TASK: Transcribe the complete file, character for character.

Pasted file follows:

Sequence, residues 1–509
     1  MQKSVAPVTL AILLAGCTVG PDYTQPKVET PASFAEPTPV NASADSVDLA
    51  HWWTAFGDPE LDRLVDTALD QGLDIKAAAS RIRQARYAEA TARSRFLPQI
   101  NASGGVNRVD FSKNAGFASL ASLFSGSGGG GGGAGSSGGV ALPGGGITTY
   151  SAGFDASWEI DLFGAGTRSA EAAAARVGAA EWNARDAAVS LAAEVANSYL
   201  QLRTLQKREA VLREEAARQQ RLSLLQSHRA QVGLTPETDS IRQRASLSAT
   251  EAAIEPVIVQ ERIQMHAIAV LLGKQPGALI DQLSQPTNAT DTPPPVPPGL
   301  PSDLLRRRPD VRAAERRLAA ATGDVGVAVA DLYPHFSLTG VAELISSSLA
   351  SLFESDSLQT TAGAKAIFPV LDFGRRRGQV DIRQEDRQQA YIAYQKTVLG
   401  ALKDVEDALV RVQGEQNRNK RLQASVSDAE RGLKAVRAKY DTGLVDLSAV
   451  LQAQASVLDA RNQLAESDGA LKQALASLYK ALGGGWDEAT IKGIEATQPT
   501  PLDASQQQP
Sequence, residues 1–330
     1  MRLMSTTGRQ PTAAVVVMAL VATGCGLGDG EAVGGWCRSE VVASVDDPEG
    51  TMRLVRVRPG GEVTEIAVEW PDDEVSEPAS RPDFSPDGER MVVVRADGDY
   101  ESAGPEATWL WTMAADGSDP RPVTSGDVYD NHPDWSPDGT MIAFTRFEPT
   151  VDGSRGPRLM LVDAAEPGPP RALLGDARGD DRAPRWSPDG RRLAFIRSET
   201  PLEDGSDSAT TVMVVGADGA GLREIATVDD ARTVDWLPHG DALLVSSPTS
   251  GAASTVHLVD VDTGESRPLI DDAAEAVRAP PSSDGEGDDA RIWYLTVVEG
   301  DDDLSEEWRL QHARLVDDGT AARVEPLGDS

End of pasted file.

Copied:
Sequence, residues 1–509
     1  MQKSVAPVTL AILLAGCTVG PDYTQPKVET PASFAEPTPV NASADSVDLA
    51  HWWTAFGDPE LDRLVDTALD QGLDIKAAAS RIRQARYAEA TARSRFLPQI
   101  NASGGVNRVD FSKNAGFASL ASLFSGSGGG GGGAGSSGGV ALPGGGITTY
   151  SAGFDASWEI DLFGAGTRSA EAAAARVGAA EWNARDAAVS LAAEVANSYL
   201  QLRTLQKREA VLREEAARQQ RLSLLQSHRA QVGLTPETDS IRQRASLSAT
   251  EAAIEPVIVQ ERIQMHAIAV LLGKQPGALI DQLSQPTNAT DTPPPVPPGL
   301  PSDLLRRRPD VRAAERRLAA ATGDVGVAVA DLYPHFSLTG VAELISSSLA
   351  SLFESDSLQT TAGAKAIFPV LDFGRRRGQV DIRQEDRQQA YIAYQKTVLG
   401  ALKDVEDALV RVQGEQNRNK RLQASVSDAE RGLKAVRAKY DTGLVDLSAV
   451  LQAQASVLDA RNQLAESDGA LKQALASLYK ALGGGWDEAT IKGIEATQPT
   501  PLDASQQQP
Sequence, residues 1–330
     1  MRLMSTTGRQ PTAAVVVMAL VATGCGLGDG EAVGGWCRSE VVASVDDPEG
    51  TMRLVRVRPG GEVTEIAVEW PDDEVSEPAS RPDFSPDGER MVVVRADGDY
   101  ESAGPEATWL WTMAADGSDP RPVTSGDVYD NHPDWSPDGT MIAFTRFEPT
   151  VDGSRGPRLM LVDAAEPGPP RALLGDARGD DRAPRWSPDG RRLAFIRSET
   201  PLEDGSDSAT TVMVVGADGA GLREIATVDD ARTVDWLPHG DALLVSSPTS
   251  GAASTVHLVD VDTGESRPLI DDAAEAVRAP PSSDGEGDDA RIWYLTVVEG
   301  DDDLSEEWRL QHARLVDDGT AARVEPLGDS